1. Volume is the only factor affecting sales and expenses The changes in the level of various revenue and costs arise only because of the changes in the volume of output produced and sold, e.g., bales of flour produced by Unga Ltd. The number of output (units) to be sold is the only revenue and cost driver.
2. Total costs can be divided into fixed and variable components. Variable component will vary directly with level of output. Direct materials, direct labour and direct chargeable expenses form the direct variable costs while variable part of factory overheads, administration overheads and selling and distribution overheads form the variable overheads.
3. There is linear relationship between revenue and cost.
4. The behavior of both sales revenue and expenses is linear throughout the entire relevant
range of activity. Graphically, it assumes a linear equation of the form Y=mX + C
5. The unit selling price, unit variable costs and fixed costs are constant.
6. The theory of CVP is based upon the production of a single product. However, of late, management accountants are functioning to give a theoretical and a practical approach to multi-product CVP analysis.
7. There is only one product or service or a constant Sales Mix. The analysis either covers a single product or assumes that the sales mix sold in case of multiple products will remain constant as the level of total units sold changes.
8. All revenue and cost can be added and compared without taking into account the time
value of money.
9. The theory of CVP is based on the technology that remains constant.
10. The theory of price elasticity is not taken into consideration.
11. Inventories do not change significantly from period to period:
Many companies, and divisions and sub-divisions of companies in various industries have found the simple CVP relationships to be helpful in Strategic and long-range planning decisions and product features and pricing decisions
In real life, the assumptions described above may not hold. The theory of CVP can be tailored for individual industries depending upon the nature and peculiarities of the same.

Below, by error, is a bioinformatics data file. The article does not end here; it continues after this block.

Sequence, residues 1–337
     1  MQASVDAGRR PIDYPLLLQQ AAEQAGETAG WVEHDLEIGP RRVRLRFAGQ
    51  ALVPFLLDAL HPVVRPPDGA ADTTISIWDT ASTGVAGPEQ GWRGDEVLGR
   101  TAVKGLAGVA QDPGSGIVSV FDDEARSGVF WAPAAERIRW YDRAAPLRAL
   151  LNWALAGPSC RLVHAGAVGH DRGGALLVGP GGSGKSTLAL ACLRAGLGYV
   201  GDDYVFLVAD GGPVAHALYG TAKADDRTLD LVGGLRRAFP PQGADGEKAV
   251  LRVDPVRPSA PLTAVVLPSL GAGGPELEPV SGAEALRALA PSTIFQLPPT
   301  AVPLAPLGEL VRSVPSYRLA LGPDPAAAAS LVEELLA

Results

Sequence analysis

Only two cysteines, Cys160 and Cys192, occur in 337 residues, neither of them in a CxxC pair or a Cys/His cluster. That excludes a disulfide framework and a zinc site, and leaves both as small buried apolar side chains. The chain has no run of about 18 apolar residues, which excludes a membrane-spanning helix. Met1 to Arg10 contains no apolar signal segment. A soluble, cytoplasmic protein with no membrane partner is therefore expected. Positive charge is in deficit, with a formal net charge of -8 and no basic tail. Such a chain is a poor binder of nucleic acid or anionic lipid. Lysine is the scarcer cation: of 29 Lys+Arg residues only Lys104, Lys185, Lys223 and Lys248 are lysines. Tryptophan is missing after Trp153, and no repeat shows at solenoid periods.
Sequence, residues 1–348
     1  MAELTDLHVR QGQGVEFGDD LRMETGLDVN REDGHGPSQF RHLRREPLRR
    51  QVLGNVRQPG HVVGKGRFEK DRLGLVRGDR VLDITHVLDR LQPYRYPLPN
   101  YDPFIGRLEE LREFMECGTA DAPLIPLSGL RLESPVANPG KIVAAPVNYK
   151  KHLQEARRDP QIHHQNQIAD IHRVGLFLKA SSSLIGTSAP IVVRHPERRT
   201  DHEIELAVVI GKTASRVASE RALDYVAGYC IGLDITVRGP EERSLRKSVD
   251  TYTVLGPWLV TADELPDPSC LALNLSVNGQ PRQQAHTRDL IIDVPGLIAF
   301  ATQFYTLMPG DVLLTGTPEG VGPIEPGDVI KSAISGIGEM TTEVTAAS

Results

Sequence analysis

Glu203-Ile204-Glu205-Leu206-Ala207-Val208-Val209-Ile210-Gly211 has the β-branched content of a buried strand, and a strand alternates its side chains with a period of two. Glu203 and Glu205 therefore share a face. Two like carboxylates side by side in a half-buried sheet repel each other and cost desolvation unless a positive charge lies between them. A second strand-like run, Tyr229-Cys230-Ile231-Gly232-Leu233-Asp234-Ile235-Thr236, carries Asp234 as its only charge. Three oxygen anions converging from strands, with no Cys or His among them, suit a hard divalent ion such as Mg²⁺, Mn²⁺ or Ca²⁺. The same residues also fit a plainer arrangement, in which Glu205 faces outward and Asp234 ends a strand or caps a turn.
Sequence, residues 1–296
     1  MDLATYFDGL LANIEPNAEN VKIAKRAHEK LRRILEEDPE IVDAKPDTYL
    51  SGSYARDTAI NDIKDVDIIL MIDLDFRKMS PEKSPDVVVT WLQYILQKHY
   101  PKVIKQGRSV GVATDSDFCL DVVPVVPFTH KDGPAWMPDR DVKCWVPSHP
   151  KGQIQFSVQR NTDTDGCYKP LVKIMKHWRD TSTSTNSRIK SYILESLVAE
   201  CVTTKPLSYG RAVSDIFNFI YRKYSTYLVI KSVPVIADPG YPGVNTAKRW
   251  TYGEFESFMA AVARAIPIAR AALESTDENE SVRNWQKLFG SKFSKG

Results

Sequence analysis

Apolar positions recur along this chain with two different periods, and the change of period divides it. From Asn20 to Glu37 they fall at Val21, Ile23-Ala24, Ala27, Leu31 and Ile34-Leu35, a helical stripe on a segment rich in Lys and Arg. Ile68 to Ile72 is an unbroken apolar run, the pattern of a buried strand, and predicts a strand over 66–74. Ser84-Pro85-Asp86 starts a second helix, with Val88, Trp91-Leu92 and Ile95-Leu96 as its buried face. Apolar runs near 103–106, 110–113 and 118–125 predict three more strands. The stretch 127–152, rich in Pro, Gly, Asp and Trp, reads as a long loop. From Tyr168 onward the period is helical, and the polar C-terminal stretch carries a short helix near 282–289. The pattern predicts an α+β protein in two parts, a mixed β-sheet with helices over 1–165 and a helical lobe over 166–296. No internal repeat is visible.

For example, predicting total revenue and total cost may require multiple revenue drivers and
multiple cost drivers. Some of the multiple revenue drivers are as follows:
• Number of output units
• Number of customer visits made for sales
• Number of advertisements placed
Some of the multiple cost drivers are as follows:
• Number of units produced
Managers and management accountants, however, should always assess whether the simplified CVP relationships generate sufficiently accurate information for predictions of how total revenue and total cost would behave. However, one may come across different complex situations to which the theory of CVP would rightly be applicable in order to help managers to take appropriate decisions under different situations.
Limitations of Cost-Volume Profit Analysis
The CVP analysis is generally made under certain limitations and with certain assumed conditions, some of which may not occur in practice. Following are the main limitations and assumptions in the cost-volume-profit analysis:
1. It is assumed that the production facilities anticipated for the purpose of cost-volume- profit analysis do not undergo any change. Such analysis gives misleading results if expansion or reduction of capacity takes place, which in most cases does.
2. In case a variety of products with varying margins of profit are manufactured, it is difficult to forecast with reasonable accuracy the volume of sales mix which would optimize the profit.
3. It assumes that input price and selling price remain fairly constant which in reality is not the case. Thus, if cost or selling price changes, the relationship between cost and profit will not be accurately depicted.
4. It assumes that variable costs are perfectly and completely variable at all levels of activity and fixed cost remains constant throughout the relevant range. However, this situation is not a practical one.
5. It is assumed that inventories do not change significantly from period to period. However, in reality, opening inventory and closing inventory are never the same and in most cases they vary significantly.
6. Inventories are valued at variable cost and fixed cost is treated as period cost. Therefore, closing stock carried over to the next financial year does not contain any component of fixed cost. Inventory should be valued at full cost in reality because such costs were incurred to bring the inventory into existence..
The limitations of CVP analysis are actually its assumptions, which do not hold outside the
Approaches to CVP
Rearranging the equation above to make profit the subject of the formula one will get
Graphical Illustration between Cost and Revenue Behavior